Tottenham Rioters, BlackBerry Messaging, and the Rise of the 'Flash Mob' As Something Scary
BY Nick Judd | Monday, August 8 2011
In the aftermath of this weekend's riots in London, in which 170 people have been reportedly arrested, some folks are focusing on the role instantaneous communication played in the making of a scene of mayhem.
From The Telegraph:
Gang members used BlackBerry smart-phones designed as a communications tool for high-flying executives to organise the mayhem.
The BlackBerry phone, one of the first devices to offer mobile email, was once the preserve of business leaders and political aides but has become increasingly popular with members of urban gangs and teenagers.
The Sun and Daily Mail appeared to blame Twitter for making it easy for people to egg one another into a looting spree. Meanwhile, social media strategist Jonathan Akwue noted that many people in Tottenham mentioned hearing about the riots or spreading a call to riot using BBM. He also put these events in a historic context, mentioning an October 1985 anti-police riot in the same neighborhood — a historic backdrop that Andrew Gilligan complicates, noting that crime in Tottenham is down since the 1980s, the relationship between police and residents has improved, and the racial imbalance between a minority neighborhood and a predominantly white police force has eased over time.
Akwue's point is that BBM is perhaps a more interesting animal than Twitter, as the young people using it can operate beyond the public eye — a potentially disturbing thought.
"The key point here is that although these messages are spreading virally," he writes, "by being shared via BBM they have been less visible to the outside world, making them harder to track."
This isn't the first time you've seen people in the networked world outflank authorities who, apparently, are not — students used social media to evade police "kettling" tactics during December protests against cuts to government spending on higher education.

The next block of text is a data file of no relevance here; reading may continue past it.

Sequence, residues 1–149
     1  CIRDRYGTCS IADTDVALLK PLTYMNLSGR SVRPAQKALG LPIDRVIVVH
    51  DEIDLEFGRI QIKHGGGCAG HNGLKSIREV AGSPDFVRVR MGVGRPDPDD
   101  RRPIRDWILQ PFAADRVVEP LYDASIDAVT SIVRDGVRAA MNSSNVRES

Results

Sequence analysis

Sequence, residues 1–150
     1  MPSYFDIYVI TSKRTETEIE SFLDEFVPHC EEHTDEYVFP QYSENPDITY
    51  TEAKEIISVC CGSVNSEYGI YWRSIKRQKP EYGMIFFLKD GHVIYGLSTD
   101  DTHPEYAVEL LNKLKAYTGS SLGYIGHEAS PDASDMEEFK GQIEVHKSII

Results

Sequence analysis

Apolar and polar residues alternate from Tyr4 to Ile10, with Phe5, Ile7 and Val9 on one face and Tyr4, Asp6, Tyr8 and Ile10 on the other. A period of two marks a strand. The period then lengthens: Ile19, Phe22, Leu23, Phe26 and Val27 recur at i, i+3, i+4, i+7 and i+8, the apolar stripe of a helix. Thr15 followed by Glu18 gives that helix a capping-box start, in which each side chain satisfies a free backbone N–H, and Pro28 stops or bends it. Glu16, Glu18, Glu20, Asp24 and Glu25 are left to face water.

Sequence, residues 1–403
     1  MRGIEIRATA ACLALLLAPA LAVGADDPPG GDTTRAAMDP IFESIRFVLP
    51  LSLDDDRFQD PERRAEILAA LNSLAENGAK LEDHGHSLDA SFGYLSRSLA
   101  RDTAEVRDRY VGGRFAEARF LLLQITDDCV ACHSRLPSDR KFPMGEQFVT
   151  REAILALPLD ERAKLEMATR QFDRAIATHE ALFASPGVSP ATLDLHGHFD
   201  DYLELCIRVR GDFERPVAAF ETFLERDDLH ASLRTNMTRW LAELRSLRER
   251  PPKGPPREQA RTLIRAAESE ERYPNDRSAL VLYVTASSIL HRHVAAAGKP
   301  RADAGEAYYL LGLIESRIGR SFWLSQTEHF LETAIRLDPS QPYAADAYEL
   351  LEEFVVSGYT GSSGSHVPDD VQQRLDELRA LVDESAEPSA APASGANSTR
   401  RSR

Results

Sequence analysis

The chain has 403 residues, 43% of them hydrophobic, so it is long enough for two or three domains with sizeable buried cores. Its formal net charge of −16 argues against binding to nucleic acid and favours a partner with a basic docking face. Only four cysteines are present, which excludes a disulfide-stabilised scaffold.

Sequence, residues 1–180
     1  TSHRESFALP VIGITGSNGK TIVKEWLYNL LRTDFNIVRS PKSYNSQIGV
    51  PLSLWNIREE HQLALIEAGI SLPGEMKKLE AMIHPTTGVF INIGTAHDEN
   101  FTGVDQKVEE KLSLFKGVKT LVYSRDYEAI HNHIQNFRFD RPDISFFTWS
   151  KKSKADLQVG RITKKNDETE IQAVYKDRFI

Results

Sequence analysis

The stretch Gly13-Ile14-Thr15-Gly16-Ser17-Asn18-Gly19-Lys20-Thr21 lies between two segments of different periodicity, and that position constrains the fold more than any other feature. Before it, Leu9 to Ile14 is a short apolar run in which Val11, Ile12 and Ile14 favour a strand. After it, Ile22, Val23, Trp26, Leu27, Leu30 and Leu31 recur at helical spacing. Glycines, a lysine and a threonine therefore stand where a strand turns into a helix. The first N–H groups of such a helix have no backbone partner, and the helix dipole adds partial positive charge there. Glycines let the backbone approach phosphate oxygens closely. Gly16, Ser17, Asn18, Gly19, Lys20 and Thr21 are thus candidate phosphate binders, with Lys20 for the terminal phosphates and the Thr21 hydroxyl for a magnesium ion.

And it's not the first glimmer of what I'd suspect will be a growing news theme, crime by social media. Here in the U.S., a story that's appeared on several cable TV networks has to do with what they're calling "flash robs" — mass arrivals at shops and convenience stores with the intent to grab merchandise and leave, organized, if reports are to be believed, through social media.
"For a growing number of marginalized youth in urban America," the Christian Science Monitor's Patrik Jonsson wrote last week, "especially young black men, who have been the hardest hit by America’s economic troubles, flash robs have become a way to feel powerful, some social-justice experts say. For others, they could be a new outlet for Internet-age thrill-seekers."
The lens through which social media are viewed as part of the Tottenham riots, and in other cases where they are implicated as tools of criminal or antisocial behavior, is one that shines brightest on the fears some have about the shifts in power that disintermediation has wrought.
These stories portray the dark side of the "flash mob," a phenomenon that had a reputation as a whimsical side effect of the networked world — and not even the classic flash mob is safe, such as a well-intentioned movie premiere last month in Los Angeles that went awry. And the response has been, in some cases, frantic. The city of Cleveland, for instance, has sought to ban flash mobs entirely.
In Tottenham, though, as everywhere, the simple fact is that people are more connected and can communicate more rapidly than ever before — and the consequences are both good and bad.
"I am pleased to note there are some very supportive messages from people towards the police though," an anonymous policeman using the moniker "Inspector Winter" writes on his blog, in the wake of a shift in Tottenham. "And when I have had a chance to update my Twitter feed the messages of support I have received have been a great boost."